Time to behave

When India made a tryst with destiny some 57 years ago, the fathers of our would-be Republic dreamed of a nation that would be a model of equity. And those elected would seek nothing but service of the people. A system of inequality was the last thing they wanted, having just liberated our people from imperialist tyranny. Parliament, comprising of the two Sabhas, and the legislatures, bicameral or the single House were supposed to be reflective of the principles of equality. The elected representatives were to be the champions of a new India.

That dream, unfortunately has not been realised, “not wholly or in full measure,” to borrow from Nehru’s famous speech at midnight when India woke up to its freedom. The elected representatives who enjoy their status, perquisites of office and many other benefits, far from fulfiling their duties in furthering the dreams of thousands who laid down their lives for freedom, seek more, not for others, but their selves. The not-so-righteous indignation articulated by the members of the Legislative Council last week on getting ‘low-priced’ tickets to IPL matches in Bangalore is one such instance. Their demand that they should have been recipients of high-end tickets, of course free of cost, indicates their exaggerated sense of self-importance. It also highlights, unfortunately, that our representatives’ firm belief that their need is greater than anyone else’s. The chairman of the Council even referred the matter to the privileges committee of the Legislature! This is not the first such instance. Only a few days ago, during the debate over the Bill to amend the Excise Act to provide tax exemption on liquor to foreign consulates based in Bangalore, a few MLAs were graceless enough to demand similar concession on liquor for them.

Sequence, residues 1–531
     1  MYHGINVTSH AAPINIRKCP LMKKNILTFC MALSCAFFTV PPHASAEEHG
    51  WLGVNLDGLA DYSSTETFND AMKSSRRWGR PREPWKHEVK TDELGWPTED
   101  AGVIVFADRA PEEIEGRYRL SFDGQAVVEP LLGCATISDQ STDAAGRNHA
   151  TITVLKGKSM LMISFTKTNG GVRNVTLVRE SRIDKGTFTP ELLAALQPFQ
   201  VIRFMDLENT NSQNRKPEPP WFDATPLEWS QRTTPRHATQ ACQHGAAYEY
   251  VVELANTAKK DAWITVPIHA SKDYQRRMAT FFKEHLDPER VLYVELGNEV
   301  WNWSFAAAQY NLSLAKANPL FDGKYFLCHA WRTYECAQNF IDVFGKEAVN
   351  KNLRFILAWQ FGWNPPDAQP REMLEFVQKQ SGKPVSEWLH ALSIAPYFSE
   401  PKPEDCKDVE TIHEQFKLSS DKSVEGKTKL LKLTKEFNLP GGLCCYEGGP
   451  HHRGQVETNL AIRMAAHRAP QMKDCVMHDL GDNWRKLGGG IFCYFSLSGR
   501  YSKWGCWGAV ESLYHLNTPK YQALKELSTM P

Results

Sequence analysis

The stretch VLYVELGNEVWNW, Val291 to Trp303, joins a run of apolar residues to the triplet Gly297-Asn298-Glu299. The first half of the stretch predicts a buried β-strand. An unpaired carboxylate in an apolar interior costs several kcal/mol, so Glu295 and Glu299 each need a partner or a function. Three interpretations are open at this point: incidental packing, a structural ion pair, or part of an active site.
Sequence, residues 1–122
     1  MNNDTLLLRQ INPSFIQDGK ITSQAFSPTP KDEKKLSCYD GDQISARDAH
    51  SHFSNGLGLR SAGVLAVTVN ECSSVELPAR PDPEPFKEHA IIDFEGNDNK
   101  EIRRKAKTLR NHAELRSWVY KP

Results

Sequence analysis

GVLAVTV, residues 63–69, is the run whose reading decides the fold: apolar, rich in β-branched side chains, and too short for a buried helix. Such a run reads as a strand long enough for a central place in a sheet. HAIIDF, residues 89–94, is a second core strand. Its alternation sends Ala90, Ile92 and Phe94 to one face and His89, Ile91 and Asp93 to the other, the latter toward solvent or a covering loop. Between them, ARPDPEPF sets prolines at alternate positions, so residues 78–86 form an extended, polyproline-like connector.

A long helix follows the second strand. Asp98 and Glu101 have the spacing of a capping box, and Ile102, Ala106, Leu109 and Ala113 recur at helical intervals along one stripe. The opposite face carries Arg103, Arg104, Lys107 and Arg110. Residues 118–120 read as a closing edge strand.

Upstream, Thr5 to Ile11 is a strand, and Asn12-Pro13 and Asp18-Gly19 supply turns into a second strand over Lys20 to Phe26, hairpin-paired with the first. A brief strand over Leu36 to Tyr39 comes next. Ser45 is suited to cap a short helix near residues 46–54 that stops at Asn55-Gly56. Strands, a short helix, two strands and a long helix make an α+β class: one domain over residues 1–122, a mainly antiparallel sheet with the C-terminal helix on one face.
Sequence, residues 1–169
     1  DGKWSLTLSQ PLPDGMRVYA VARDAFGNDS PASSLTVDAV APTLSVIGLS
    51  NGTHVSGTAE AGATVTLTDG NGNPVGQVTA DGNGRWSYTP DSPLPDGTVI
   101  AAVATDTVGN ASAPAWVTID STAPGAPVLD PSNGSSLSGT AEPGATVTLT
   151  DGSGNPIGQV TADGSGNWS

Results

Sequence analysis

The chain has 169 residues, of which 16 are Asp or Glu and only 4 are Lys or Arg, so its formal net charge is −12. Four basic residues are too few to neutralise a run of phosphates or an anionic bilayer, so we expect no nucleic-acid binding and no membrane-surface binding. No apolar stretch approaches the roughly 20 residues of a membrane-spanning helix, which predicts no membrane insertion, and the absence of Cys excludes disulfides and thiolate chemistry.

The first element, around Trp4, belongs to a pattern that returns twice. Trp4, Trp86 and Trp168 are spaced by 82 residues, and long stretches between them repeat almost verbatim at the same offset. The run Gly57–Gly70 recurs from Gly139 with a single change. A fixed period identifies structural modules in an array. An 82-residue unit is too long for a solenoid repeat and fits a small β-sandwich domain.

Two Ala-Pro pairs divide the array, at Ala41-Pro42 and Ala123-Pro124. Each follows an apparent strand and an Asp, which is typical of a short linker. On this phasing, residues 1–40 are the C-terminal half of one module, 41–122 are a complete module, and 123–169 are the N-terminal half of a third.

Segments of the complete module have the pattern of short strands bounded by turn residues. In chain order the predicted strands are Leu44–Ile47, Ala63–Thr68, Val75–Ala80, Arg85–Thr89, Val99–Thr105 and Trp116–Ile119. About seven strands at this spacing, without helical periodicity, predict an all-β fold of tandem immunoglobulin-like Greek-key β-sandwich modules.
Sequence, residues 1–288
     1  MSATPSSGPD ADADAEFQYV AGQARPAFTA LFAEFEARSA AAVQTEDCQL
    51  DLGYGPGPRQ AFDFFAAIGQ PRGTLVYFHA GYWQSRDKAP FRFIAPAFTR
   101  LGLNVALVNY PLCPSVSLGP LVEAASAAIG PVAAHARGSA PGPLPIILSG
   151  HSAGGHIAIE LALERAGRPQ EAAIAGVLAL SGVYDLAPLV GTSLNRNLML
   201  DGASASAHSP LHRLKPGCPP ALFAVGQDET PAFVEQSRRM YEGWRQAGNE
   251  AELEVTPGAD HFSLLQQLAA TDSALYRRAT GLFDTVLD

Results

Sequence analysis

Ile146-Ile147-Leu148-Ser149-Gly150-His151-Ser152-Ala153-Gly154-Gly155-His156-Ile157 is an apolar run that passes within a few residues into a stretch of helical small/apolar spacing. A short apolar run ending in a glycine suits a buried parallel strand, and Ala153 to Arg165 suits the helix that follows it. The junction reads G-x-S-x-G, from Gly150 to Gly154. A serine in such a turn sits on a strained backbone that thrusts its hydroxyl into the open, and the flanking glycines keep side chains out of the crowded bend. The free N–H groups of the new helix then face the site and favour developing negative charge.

The public exchequer bears a heavy burden for keeping our MPs and MLAs in comfort. They vote for themselves pay hikes every term, besides perks of office. Apart from pecuniary benefits, they have been beneficiaries of freebies, be it board and lodge, transport and communication. This has bred in them a sense of entitlement. Much responsibility for such arrogant behaviour rests on the civil society which has tolerated their antics. It is time that our elected representatives start behaving with dignity and not make themselves a laughing stock.

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